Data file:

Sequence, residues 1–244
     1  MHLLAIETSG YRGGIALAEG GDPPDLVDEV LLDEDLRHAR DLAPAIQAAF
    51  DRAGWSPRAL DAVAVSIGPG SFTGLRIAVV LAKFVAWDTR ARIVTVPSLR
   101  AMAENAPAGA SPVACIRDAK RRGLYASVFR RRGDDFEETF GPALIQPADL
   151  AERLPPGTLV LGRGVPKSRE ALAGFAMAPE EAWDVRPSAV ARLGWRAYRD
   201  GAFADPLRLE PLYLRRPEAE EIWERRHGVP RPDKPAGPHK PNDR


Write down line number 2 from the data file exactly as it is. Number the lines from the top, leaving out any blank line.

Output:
     1  MHLLAIETSG YRGGIALAEG GDPPDLVDEV LLDEDLRHAR DLAPAIQAAF